Throughout my life, I have focused on prayer as a symbol of solidarity, because prayer is grounded in the profound interdependence of life. Our prayers of gratitude remind us that no one is self-sufficient. Our gifts and talents emerge from our relationships —the persons and institutions that have supported us, as well as the earth’s bountiful providence—that inspire and undergird any achievement on our part. From this perspective, the self-made person is the most pitiable precisely because they, in their lonely individualism, think they can go it alone without any help from God or their fellow creatures. This sense of self-sufficiency collapses when we face a health crisis, death of a life companion, a professional setback, a pandemic, or the realities of aging and mortality. Prayer links us with all creation. Our gratitude inspires relationship and connection. Recognizing that we are truly one in spirit and flesh with all creation, we are inspired to move from self-interest to global concern. We discover that in an interdependent universe, others have been the answers to our prayers, coming along at the right time to provide comfort and counsel, and that we can be the answer to others’ prayers, sharing the gifts we have received so that others might flourish in body, mind, spirit, and relationships.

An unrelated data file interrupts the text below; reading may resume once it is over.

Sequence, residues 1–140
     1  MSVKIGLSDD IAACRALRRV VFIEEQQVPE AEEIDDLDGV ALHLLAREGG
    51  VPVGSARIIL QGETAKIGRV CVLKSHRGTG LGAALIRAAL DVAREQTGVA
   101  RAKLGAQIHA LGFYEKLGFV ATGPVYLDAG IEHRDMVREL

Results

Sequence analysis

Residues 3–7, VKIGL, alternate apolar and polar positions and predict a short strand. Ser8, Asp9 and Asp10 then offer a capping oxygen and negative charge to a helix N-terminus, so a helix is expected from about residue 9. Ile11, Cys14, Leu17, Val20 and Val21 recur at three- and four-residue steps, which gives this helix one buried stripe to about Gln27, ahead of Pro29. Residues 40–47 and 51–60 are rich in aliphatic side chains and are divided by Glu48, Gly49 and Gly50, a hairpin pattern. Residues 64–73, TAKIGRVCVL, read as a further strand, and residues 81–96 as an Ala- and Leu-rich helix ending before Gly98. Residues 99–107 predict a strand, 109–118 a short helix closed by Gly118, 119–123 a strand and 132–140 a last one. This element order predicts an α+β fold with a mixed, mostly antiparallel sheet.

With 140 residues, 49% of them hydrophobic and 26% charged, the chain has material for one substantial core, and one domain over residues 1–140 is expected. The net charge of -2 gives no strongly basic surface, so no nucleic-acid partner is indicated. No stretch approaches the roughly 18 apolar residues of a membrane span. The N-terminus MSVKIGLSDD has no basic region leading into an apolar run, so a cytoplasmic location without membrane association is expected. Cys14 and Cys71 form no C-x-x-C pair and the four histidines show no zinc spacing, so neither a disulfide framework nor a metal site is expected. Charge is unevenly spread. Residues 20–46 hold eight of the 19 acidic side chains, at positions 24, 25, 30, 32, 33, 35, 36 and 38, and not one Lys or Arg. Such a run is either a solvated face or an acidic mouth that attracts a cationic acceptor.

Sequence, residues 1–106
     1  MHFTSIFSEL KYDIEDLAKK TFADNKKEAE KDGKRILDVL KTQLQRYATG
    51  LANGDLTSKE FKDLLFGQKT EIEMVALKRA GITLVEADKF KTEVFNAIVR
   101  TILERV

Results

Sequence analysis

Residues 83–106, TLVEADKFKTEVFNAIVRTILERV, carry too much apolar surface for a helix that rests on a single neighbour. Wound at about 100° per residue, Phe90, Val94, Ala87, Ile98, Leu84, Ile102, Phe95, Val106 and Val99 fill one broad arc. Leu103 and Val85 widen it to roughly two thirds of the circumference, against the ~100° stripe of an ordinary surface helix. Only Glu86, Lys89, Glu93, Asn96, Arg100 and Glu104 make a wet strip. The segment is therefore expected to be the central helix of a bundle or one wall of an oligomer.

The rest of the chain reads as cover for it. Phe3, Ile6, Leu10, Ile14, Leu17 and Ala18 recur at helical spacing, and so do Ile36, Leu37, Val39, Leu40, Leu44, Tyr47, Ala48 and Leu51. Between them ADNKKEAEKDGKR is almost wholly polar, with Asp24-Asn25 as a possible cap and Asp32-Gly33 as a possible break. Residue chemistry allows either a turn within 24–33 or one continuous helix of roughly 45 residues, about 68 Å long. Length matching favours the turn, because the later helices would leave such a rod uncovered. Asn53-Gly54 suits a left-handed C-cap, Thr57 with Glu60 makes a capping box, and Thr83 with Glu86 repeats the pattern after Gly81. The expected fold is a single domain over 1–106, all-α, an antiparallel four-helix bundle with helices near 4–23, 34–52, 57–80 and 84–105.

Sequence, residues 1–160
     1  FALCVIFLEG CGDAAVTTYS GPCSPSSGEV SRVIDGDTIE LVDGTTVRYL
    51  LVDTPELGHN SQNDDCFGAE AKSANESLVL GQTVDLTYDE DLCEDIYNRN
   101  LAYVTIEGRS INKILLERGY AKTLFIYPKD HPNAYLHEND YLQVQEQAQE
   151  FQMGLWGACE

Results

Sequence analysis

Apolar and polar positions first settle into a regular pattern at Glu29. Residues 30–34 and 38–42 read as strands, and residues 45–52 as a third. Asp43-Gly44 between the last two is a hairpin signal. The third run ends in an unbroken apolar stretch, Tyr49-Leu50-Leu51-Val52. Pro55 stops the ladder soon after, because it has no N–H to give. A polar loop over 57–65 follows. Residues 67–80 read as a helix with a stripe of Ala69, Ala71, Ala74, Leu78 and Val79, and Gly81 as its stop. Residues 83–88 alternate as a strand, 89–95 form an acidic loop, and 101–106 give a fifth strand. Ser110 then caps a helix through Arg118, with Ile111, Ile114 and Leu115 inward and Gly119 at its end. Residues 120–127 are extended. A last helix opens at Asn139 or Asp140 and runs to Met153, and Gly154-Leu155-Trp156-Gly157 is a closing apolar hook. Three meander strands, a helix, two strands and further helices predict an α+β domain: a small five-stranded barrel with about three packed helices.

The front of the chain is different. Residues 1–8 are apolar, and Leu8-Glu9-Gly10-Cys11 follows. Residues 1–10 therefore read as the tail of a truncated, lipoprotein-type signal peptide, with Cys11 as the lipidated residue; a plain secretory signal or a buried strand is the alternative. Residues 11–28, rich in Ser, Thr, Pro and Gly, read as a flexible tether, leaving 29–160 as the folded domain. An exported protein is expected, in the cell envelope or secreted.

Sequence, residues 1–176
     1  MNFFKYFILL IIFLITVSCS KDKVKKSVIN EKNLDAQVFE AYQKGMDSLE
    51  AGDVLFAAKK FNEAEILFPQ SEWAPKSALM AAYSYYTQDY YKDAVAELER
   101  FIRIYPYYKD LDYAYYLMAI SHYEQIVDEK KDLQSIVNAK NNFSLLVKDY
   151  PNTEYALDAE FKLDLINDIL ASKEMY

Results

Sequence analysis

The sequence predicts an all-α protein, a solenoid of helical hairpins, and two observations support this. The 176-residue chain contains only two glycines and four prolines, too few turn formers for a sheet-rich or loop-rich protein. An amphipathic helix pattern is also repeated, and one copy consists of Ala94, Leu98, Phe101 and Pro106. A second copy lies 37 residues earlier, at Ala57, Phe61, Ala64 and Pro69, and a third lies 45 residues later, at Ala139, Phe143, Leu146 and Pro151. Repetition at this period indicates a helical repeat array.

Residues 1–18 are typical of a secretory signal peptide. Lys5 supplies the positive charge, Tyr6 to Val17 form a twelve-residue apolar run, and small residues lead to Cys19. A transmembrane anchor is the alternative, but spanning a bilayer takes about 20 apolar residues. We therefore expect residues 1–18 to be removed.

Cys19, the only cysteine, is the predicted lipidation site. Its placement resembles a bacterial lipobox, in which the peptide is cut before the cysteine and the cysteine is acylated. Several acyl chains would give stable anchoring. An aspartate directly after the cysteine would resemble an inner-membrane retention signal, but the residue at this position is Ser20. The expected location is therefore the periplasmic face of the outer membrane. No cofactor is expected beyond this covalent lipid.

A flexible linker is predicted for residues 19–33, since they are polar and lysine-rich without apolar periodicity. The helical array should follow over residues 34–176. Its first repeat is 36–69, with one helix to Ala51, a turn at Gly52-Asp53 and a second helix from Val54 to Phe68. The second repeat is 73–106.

—from the book Walking with Francis of Assisi: From Privilege to Activism by Bruce Epperly